Who Am I?

I have always had an appreciation, perhaps even a fascination, with a good fairy tale. Our children grew up having fairy tales read to them until they could read them themselves or even read them to each other, and not just the usual ones from the Brothers Grimm. No, over the years we managed to collect quite the library of fairy tales on our bookshelves at home. Tales both ancient and more modern, curated from around the world, provided a foundation for our kids. Fairy tales are important. They teach us about the nature of story itself. They are a world we enter where there is real good and real evil, where danger lurks in the darkness and choices have consequences. But one of my favorite things about a fairy tale is how things are not always what they seem. This is what makes the surprise so good, the tragedy so painful and the happiness so rich. You learn to search for clues beyond what your eyes can see. Just as the villain is not always the one you expect, so the hero often comes from the least likely place.

Take a more modern story like Tolkien’s famous Lord of the Rings. The main story line, the central key to the events taking place, is the journey of two small hobbits; little child-sized creatures who are carrying the one ring of power to Mount Doom in the heart of the evil land of Mordor in order to destroy it. They are the most unlikely of people to be entrusted with such a task. The future of all Middle Earth hangs in the balance as they go into the heart of enemy territory to do the impossible. I think what I love about these sorts of stories is the way they reflect the beauty and power of our own story. The story of our creation, our rebellion, our salvation and restoration possess many of these same surprising turns.

Take Moses as a perfect example. Moses was an Israelite by birth but was raised in the palace of the Pharaoh. He saw with his own eyes the cruel beatings his people endured at the hands of his adopted parents. When he could not stand anymore, he rose up and killed an Egyptian and buried him in the sand. He soon realized the news of what he had done was getting around and he fled. He ran as a coward and a murderer to the land of Midian and assumed a new life, a private life, a life where he was unknown and happy. He settled down, married and became a shepherd under the authority of his new father-in-law. But all the while his people still endured hash suffering and oppression. Then, one day, as he was leading the flock up the side of Mount Horeb, the Angel of the Lord appeared to him in a flame of fire.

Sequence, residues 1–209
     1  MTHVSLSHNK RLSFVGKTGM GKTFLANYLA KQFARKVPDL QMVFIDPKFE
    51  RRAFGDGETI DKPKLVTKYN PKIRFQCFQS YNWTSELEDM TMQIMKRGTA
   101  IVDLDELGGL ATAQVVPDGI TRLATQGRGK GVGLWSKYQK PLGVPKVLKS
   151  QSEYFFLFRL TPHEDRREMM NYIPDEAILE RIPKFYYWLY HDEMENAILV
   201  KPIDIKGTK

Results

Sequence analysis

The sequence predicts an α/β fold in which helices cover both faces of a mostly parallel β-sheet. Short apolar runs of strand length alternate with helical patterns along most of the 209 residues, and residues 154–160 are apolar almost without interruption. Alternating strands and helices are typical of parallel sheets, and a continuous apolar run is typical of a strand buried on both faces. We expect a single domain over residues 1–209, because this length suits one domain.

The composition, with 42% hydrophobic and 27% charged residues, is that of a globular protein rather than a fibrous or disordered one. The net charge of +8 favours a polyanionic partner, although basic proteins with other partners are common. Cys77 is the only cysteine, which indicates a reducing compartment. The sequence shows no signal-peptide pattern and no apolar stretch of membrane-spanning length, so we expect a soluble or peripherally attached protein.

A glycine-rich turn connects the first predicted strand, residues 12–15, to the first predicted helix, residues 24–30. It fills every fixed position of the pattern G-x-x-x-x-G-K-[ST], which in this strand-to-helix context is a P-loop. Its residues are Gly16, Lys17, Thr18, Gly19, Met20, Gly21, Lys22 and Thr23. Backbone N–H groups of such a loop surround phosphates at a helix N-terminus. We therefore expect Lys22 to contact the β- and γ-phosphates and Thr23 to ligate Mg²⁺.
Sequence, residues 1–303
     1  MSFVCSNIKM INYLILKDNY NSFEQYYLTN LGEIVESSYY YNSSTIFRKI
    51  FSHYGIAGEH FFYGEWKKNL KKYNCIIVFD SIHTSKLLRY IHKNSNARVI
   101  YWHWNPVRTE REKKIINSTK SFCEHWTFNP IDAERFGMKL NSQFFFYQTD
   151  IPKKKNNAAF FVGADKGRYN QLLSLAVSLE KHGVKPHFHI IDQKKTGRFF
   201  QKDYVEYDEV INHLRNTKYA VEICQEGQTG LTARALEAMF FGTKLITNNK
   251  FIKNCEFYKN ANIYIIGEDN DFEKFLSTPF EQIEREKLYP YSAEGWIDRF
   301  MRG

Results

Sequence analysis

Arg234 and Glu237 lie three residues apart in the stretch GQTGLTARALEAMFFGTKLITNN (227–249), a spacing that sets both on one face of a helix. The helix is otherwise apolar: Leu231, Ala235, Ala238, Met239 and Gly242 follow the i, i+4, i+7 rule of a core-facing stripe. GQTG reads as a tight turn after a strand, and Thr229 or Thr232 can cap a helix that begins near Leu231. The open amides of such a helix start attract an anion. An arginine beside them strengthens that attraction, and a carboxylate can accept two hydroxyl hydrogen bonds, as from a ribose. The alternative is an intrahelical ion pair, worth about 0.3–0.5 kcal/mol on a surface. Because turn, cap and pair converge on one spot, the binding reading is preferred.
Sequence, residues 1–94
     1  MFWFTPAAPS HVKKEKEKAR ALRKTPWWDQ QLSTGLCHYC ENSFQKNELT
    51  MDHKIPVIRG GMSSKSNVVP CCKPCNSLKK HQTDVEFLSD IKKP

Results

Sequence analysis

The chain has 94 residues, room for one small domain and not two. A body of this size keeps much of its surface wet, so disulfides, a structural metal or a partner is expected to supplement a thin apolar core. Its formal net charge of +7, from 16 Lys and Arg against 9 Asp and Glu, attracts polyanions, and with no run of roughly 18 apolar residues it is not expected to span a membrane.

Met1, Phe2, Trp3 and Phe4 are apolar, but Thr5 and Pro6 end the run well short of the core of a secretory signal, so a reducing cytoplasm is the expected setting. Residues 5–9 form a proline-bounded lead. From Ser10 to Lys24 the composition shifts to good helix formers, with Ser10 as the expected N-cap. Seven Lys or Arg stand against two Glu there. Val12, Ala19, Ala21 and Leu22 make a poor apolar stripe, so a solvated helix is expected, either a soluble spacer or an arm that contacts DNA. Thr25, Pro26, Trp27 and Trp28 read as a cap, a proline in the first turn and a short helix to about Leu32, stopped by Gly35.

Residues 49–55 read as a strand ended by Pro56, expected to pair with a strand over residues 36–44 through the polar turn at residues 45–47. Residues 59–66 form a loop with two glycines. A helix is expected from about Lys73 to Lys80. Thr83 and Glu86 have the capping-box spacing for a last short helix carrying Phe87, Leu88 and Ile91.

And there the unthinkable happens. There, through a burning bush, God calls to Moses, “Moses, Moses!” He says, “The cry of the people of Israel has come to Me, and I have also seen the oppression with which the Egyptians oppress them. Come, I will send you to Pharaoh that you may bring My people, the children of Israel, out of Egypt” (Exodus 3:9-10). He calls Moses to go back to the land he fled, back to the people he betrayed, back to the place he was wanted for murder, where there would be no rest, no comfort, no peace and no harmony. What is he supposed to do there? Why he is supposed to deliver all of the Lord’s people, not just his family, his mother and brothers and sister. No, all His people, all the Israelites, the entire slave force that functioned as grunt labor for the building of the great cities of Egypt. He is supposed to bring them out from under the oppression of Pharaoh.

His response to this idea is fitting. It makes sense. He asks, “Who am I?” “Who am I that I should go to Pharaoh and bring the children of Israel out of Egypt?” In other words, I think you have the wrong guy for the job.

We know what this is like, do we not? I mean, sure we may not necessarily meet God in a burning bush, but He comes to us in equally strange ways. Think about it. Moses was not seeing God in a powerful vision of some large and imposing image towering over the top of the mountain and shaking the ground with His voice. No, he saw a small bush which was on fire, though it was not being consumed. How exciting it must have been to hear the call of God. How wonderful to encounter Him in such a way. Your encounter is different. You encounter God in the preaching of His Word and in the proclamation of His promises; the burning Word of the Lord on the lips of an ordinary sinner. You heard His call as He declared you were His own in the washing of Holy Baptism. As He placed His name upon you, He set you apart as His chosen people.